(3/20/2009)

 

The Riding Into History Concours d'Elegance will return to the World Golf Village near St. Augustine, Floriday on Saturday, May 16. Grand Marshals will be Motorcycle Hall of Famer Craig Vetter and Speed Channel star Dennis Gage. Proceeds for the event go to the Buddy Check 12 charity for breast cancer. For more information, click here.

 

Motohistory is where you find it. A guy finds an old Penton; notes that the engine looks better than the rest of the bike. Discovers a sales receipt in a can of nuts and bolts with the bike indicating that the Sachs engine —never ever started—was purchased at the Goodwill store. No kidding. Click here.

To see clean bikers behaving badly, click here.

 

For lots of action and information for U.S. central gulf coast vintage motocross riders, click here.

 

The Indiana Vintage Off-Road Motorcycle Enthusiasts organization has posted its 2009 schedule. To access the IVORME web site, click here.

 

Dirt track great Scott Parker will be inducted into the Motorsports Hall of Fame of America in a ceremony at the Fillmore Theater in Detroit, Michigan on August 12. For more information, click here.

 

Yamaha fans will certainly enjoy the vast store of information on Ludy Buemer's web site. To check it out, click here.

 

The Carlisle, Pennsylvania Import-Kit/Replicar Nationals, scheduled to take place May 15 through 17, will add a vintage import motorcycle class this year (1979 or older). For more information, click here.

For photos of old military motorcycles, click here.

 

And speaking of American dirt track racing, fans of the sport will be interested in the good work of the White Plate Flattrackers Association. To access their web site, click here.

 

Vintage Honda enthusiasts will enjoy Bill Silver's web site. Click here.

 

For a listing of vintage motorcycle meets, check out the British Bike Connection. Click here.

 

Hemmings will be adding a motorcycle class to its Stratton Mountain Concours this coming July 19. They are looking for bikes 1979 or older. For more information, click here or write Craig Fitzgerald at cfitzgerald@hemmings.com.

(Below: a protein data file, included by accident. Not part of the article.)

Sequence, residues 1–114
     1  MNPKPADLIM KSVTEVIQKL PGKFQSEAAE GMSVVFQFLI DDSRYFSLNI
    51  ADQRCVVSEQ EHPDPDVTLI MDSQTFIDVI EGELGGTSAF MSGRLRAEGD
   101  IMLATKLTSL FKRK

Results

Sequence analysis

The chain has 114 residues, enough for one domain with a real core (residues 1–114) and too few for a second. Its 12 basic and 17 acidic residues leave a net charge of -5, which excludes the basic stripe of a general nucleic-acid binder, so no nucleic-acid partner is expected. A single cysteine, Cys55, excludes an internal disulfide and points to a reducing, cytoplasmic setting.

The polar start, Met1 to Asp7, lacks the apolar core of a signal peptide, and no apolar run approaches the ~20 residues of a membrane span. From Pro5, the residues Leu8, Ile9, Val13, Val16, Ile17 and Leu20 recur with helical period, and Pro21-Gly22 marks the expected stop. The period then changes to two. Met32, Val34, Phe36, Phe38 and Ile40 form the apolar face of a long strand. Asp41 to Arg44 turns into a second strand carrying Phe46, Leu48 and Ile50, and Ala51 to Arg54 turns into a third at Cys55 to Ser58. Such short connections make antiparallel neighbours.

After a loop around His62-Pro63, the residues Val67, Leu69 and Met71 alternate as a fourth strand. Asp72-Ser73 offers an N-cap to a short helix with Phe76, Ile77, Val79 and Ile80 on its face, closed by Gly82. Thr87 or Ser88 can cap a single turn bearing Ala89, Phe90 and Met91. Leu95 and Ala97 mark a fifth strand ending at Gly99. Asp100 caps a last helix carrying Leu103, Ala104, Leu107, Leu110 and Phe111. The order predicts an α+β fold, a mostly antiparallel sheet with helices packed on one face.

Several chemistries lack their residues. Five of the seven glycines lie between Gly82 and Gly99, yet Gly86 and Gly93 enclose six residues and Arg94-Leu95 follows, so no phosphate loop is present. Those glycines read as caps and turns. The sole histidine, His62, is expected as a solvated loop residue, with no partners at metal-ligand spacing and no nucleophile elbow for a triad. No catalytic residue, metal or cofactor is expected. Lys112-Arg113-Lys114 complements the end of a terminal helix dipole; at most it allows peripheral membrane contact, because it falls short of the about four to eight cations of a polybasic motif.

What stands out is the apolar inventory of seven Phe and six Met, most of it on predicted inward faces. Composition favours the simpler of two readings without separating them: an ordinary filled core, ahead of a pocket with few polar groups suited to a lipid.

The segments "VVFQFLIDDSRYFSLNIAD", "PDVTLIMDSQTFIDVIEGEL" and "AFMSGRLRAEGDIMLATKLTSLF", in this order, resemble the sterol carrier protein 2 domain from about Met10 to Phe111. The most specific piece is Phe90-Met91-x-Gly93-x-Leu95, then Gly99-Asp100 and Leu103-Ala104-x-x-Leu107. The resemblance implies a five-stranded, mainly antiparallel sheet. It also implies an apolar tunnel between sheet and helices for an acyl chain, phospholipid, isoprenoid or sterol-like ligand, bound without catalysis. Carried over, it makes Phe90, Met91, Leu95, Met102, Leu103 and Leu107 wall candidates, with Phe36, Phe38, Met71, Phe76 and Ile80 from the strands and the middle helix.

We've written before about the Kansas Motorcycle Museum (see Motohistory News & Views 12/7/2006 ). To check out its new web site, click here.

 

Will Stoner is hosting a swap meet at the York Expo Center, York, Pennsylvania on April 5. For more information, click here.

 

The Reading Eagle of Reading, Pennsylvania, recently did a great story about the Reading Motorcycle Club, announcing that the club will publish a hardbound book in celebration of its upcoming 100th anniversary. To check it out, click here.

 

A story about the Blue Ribbon Coalition 2009 Breakfast of Champions can be found here.

 

For vintage Jack Pine Enduro photos, click here.

 

The new Classic Motorcycle Company in St. Louis, Missouri, offers an interesting and unusual vintage and classic motorcycle inventory. Its grand opening, featuring BBQ, an open house, and a bike show, will take place April 18. To learn more, click here.

One of the nicest persons Motohistory has had the pleasure to interview was the late Bob Jorgensen, a kind and clever man who loved steam engineering and history, and built a functioning replica of Sylvester Roper's steam motorcycle.  Now, Bob's son Pat is building a web site about his father and his achievements.  To check it out, click here.  To read our story about Jorgensen, go to Motohistory News & Views 7/14/2004.